21 DECEMBER 1867, Page 13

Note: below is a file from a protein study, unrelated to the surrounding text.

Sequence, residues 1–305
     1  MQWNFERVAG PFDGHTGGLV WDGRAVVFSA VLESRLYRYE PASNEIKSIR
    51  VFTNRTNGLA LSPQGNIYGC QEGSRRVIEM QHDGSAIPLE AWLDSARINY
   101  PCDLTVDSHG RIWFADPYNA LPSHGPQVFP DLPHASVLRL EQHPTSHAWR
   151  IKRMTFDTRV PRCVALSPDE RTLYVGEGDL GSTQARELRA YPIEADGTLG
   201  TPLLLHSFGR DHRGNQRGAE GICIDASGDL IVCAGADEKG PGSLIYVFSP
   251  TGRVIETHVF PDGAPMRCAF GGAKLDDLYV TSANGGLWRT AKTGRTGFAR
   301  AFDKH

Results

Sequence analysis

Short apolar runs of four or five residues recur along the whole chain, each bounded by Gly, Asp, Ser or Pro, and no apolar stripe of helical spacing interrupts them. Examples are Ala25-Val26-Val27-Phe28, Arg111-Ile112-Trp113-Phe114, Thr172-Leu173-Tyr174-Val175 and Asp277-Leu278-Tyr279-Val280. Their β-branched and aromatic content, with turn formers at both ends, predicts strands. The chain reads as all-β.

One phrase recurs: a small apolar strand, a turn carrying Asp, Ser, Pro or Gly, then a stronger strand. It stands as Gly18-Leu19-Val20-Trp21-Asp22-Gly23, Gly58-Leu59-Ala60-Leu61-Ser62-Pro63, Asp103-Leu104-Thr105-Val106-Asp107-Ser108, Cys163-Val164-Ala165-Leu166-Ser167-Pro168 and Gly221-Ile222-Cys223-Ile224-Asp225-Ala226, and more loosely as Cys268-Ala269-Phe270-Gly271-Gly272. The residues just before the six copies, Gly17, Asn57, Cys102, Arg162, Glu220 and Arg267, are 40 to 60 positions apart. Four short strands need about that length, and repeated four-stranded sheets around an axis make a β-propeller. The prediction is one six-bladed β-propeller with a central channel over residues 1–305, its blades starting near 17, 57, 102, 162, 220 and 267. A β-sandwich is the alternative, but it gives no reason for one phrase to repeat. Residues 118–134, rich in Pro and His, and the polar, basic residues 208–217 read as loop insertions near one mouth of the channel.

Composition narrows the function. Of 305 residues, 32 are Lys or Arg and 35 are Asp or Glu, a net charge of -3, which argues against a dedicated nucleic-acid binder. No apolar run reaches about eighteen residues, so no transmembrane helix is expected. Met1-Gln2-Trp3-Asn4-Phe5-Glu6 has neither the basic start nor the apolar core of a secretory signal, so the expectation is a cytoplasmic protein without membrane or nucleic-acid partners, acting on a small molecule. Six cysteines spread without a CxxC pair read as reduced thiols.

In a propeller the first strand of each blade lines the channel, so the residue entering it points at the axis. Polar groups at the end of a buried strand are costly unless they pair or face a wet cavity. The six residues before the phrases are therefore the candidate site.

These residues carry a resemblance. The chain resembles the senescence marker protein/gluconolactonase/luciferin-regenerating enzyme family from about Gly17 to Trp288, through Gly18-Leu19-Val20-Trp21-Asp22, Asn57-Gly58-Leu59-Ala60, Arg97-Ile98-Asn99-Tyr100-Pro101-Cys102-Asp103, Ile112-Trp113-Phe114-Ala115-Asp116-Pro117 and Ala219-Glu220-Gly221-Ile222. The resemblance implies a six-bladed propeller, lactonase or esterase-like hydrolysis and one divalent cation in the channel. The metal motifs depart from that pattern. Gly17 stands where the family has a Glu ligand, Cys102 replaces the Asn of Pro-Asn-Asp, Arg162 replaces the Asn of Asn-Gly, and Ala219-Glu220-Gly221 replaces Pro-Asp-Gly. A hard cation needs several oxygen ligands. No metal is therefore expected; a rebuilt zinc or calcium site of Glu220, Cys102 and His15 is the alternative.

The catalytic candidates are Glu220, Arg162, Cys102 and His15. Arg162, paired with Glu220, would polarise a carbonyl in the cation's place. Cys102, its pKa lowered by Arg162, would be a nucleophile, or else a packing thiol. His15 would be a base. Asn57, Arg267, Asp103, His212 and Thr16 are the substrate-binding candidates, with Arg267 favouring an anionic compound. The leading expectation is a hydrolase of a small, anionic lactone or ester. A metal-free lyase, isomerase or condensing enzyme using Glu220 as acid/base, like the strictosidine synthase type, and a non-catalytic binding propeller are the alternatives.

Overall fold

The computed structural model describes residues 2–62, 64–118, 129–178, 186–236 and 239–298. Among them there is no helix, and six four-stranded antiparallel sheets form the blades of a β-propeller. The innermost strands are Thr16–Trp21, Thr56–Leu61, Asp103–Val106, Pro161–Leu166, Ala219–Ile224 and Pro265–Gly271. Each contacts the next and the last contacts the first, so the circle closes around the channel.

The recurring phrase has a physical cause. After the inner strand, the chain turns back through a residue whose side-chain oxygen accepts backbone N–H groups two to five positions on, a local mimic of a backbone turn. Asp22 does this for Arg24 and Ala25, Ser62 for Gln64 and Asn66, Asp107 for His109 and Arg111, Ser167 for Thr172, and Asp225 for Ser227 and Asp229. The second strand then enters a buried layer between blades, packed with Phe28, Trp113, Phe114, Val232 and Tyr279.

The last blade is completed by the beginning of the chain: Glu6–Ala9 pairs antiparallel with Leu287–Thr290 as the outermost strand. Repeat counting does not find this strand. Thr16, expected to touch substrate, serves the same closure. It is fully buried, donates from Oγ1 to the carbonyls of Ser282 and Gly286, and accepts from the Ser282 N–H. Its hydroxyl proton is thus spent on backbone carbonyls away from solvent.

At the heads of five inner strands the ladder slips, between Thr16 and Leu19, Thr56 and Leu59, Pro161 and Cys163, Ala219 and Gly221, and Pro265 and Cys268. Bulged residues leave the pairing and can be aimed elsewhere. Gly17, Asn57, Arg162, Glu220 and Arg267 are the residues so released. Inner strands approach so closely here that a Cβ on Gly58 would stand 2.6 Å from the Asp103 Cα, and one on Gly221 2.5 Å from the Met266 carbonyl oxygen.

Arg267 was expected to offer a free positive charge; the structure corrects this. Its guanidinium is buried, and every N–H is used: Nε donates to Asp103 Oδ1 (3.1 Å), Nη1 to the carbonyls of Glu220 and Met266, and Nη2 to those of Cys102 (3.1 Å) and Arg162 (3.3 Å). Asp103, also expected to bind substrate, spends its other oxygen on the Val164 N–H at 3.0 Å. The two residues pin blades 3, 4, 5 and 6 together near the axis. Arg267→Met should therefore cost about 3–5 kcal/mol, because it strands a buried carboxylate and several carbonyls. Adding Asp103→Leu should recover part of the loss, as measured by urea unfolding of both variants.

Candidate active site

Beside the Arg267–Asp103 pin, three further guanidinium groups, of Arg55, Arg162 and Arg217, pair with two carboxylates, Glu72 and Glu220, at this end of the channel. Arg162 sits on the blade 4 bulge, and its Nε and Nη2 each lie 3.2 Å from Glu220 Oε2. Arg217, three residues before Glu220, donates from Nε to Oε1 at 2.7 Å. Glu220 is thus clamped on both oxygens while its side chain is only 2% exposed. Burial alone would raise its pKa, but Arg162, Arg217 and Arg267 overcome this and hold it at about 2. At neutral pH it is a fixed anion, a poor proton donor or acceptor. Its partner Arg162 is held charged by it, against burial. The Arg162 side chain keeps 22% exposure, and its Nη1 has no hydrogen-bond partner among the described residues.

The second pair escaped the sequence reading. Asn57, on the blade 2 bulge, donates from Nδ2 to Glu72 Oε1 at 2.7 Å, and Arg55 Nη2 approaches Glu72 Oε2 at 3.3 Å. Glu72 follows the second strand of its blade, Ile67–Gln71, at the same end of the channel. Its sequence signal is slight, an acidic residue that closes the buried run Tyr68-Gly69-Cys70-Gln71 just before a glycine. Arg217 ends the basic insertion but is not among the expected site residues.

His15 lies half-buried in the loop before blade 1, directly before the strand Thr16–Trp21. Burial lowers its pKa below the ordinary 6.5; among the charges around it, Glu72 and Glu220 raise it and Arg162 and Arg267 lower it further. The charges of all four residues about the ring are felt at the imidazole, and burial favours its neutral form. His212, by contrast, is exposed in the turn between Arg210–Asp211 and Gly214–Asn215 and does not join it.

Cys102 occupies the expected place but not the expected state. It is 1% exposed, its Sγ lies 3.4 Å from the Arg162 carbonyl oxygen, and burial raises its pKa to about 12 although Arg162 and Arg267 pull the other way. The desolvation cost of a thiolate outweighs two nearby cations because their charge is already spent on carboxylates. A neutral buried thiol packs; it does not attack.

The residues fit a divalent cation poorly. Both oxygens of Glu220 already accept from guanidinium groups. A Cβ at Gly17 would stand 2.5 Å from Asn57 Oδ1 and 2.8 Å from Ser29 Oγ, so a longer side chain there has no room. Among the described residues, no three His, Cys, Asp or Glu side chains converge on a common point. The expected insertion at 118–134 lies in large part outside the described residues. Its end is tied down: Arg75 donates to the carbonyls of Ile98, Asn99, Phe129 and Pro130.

THE accession of the House of Lancaster was signalized in London by the public burning at the Standard in West Cheap, by command of the new King, of the blank grants or charters (to be filled up with sums of money at the late King's discretion), to which Richard had compelled the richer citizens to affix their seals. The assistance rendered by the citizens to Henry on the discovery of the plot of the Duke of York's son, the Duke of Albemarle (Skakespeare's Aumerle), and others, to restore Richard, led to the repeal of some statutes obnoxious to them, and to the grant of extended privileges. The House of Lancaster, however, were Religious persecutors. In 1401, William Sautree, parish priest of St. Osyth, in Syth Lane, London, being con- demned by the Ecclesiastical Courts for Lollardism, was burned alive by virtue of the King's writ to the Mayor and Sheriffs of London, being the first victim to the " Act for Burning of Obsti- nate Heretics," passed in that year. In 1407, a great plague, which desolated England, swept away great numbers of the Londoners. In 1410, John Bradby, a tailor, was burnt to death in Smithfield for Lollardism under the above detestable Act. These executions seem to have begun to effect a change in the disposition of the Londoners, who had previously been strong opponents of Lollard- ism, for we find, on the alleged conspiracy of Sir John Oldcastle and the Lollards, soon after the accession of Henry V., the Mayor of London arresting many persons as engaged in this " plot" against the Established clergy, and rumours current that it was the " rude people's intent, if they did prevail, to destroy the monasteries of Westminster, St. Alban's, and St. Paul's, and all the houses of friars in London." Thirty-seven of the alleged con- spirators, who had been seized by the forces which the King had hastily collected, were " drawn from the Tower of London to Newgate, and so to St. Giles's, and there, in a place called Ficket's Field, were all hanged, and seven of them burnt, gallows and all." London was the theatre of more pleasant scenes in the same reign, on the occasion of the reception of Henry on his return from the Agincourt campaign, and again after his marriage with Katherine of France. During this time, Prince James of Scotland, the Duke of Orleans, and other royal and noble persons were occupants of the State Prison in the Tower of London, and romance and poetry relieved the seclusion of that dangerous domicile, in which the dungeon and the banqueting-hall were literally next-door neigh- bours. The solemn funeral of Henry V. ushered in for the citizens the wretched years of misgovernment, tumult, and civil war which constitute the remaining annals of the House of Lancaster. First, came the struggle between Cardinal Beaufort, Bishop of Winchester, and the Regent, Humphrey, Duke of Gloucester, in which the citizens generally sided with the latter. A more import- ant fact for London was the assertion by the citizens in the year 1428, in answer to an inquiry from the King, of a usage from time immemorial, that any servant or villein who had resided in the City for a year and a day, unreclaimed by his lord or master, was thenceforth free to remain there during his whole life, as freely and securely as if in the house or chamber of the King. Probably this cus- tom gave rise to the title we find frequently applied to London of " The King's Chamber" (Camera Regis). To this Shakespeare seems to allude in his Richard III., in which the Duke of Buckingham addresses the Prince of Wales, " Welcome, sweet Prince to London, to your chamber ;" and Lydgate also, in his address to Henry VL on his entry into London after his coronation in France, speaks of " your most notable cittee of London, other- wyse callyd your chambyr." An Act of Henry IV. was also repealed at this time, at the request of the Mayor and citizens, by which it had been enjoined that no person whatever, not possessed of land to the annual amount of 20s., should be at liberty to apprentice his child to any trade. In 1435 the Londoners dis- graced themselves by murdering many " Burgundian, Hollanders, and Flemings," subjects of the Duke of Burgundy settled in Lon- don, on account of the secession of that Prince from the English to the side of the Dauphin, Charles of France. In the next year the citizen levies did more honourable service abroad by aiding in compelling the Duke to raise the siege of Calais. In 1443 we find it recorded that there was a great tumult in Fleet Street, in which many persons were killed and wounded, in consequence of a quarrel between the students of the Inns of Court and the neighbouring citizens—in fact, a sort of "Town and Gown" riot. We have already described at some length the Jack Cade insur- rection, and the part taken in the affair by the Londoners. During